Exercise After Stroke Webinar

Although the incidence of stroke is increasing, the mortality rate is decreasing. This means that there are more and more stroke survivors living in the community. There are a wide range of complex long-term physical and psychosocial consequences of stroke that may have an impact upon a person’s ability to engage in physical activity and exercise including movement impairments, balance, cognition, aphasia, pain, sensation, perception, and psychological issues. Despite being a barrier to exercise, these consequences of stroke can often be treated and/or managed with exercise.

This webinar will delve in to the latest evidence on the role of exercise after stroke, including examples of common barriers, benefits, considerations and adaptations.

Presented by Dr Sarah Valkenborghs

Dr Valkenborghs was appointed as an Associate Lecturer at The University of Newcastle in January 2019. Her research and teaching primarily focuses on the impact of exercise on the health and well-being of people living with chronic disease. She has conducted trials investigating the effects of exercise in several clinical conditions including Stroke, Multiple Sclerosis, Asthma, Cancer, and Type 1 Diabetes.

Her PhD studies focused on the use of exercise during stroke rehabilitation. She has published five peer-reviewed journal articles in the field of stroke rehabilitation, and co-authored a chapter on Physical Activity after Stroke in the Routledge textbook “Clinical Exercise Science”.

As well as investigating at how exercise improves brain activity and recovery after stroke, Dr Valkenborghs is also currently researching changes in brain structure and function that may underpin the benefits of exercise on fatigue in multiple sclerosis patients, as well as cognition, stress and mental health in HSC students.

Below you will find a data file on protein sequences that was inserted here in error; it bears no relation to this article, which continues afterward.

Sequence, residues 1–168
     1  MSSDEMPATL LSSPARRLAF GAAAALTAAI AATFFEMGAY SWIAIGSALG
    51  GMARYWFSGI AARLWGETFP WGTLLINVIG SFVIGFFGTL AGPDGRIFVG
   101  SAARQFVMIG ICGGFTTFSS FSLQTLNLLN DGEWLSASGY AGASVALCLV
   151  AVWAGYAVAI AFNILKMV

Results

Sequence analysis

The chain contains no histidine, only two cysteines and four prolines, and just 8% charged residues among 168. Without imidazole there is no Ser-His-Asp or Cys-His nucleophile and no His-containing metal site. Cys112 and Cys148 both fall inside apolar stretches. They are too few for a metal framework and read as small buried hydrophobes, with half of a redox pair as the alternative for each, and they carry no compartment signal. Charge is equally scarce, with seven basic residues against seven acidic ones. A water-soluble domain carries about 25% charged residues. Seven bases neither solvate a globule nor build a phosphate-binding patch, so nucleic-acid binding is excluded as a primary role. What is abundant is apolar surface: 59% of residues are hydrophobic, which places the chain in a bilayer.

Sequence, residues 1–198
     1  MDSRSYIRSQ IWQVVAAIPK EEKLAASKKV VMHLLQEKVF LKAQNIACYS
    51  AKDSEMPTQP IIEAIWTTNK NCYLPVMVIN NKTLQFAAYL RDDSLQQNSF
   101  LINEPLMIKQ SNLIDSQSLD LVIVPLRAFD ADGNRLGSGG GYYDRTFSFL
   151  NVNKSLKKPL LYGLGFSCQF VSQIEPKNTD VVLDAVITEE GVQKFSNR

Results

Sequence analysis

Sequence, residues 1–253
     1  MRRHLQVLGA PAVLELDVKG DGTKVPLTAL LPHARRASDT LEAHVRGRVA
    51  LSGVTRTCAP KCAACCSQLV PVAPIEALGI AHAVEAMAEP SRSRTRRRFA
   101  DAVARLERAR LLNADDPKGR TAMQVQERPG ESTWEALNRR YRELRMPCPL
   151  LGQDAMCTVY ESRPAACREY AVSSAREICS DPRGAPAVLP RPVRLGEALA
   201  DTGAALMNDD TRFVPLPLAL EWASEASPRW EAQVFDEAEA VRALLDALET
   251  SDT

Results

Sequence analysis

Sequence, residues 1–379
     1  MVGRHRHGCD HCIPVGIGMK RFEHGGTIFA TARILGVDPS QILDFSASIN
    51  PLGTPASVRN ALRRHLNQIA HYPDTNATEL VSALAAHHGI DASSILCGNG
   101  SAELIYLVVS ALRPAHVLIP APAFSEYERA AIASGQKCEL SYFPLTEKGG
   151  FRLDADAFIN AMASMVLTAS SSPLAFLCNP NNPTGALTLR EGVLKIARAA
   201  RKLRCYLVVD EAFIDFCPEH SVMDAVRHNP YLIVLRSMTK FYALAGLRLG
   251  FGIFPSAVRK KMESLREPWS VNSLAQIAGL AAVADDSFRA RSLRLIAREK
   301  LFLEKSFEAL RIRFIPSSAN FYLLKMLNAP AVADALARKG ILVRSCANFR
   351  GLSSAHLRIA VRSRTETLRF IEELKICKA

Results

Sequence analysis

She was awarded her PhD in Human Physiology by The University of Newcastle in March 2019. She previously completed a Bachelor’s degree (First Class Honours) in Medical Sciences at the University of Glamorgan, United Kingdom in 2012, and worked as a lecturer at the University of South Wales, United Kingdom in 2013.


Friday, 20 November 2020
12:00pm - 1:30pm AEDT

Please note, the times listed are in Australian Eastern Daylight Time. 
Your local time will be:

ACT:        12:00pm – 1:30pm 
NSW:   12:00pm – 1:30pm
NT:   10:30am - 12:00pm
QLD:   11:00am – 12:30pm 
SA:   11:30am - 1:00pm
TAS:   12:00pm – 1:30pm
  12:00pm – 1:30pm
WA:   9:00am - 10:30am

Rates per person

ESSA Member
ESSA Student Member
Student Non-Member
Please see terms & conditions for registration type definitions.

Access to Webinar

You will be provided information on how to access this webinar within your registration confirmation email.
NB: A confirmation of your attendance is required.

Target Audience

Any Accredited Exercise Physiologist 



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Registration for this professional development will close at 10:00am AEDT on Friday, 20 November 2020.

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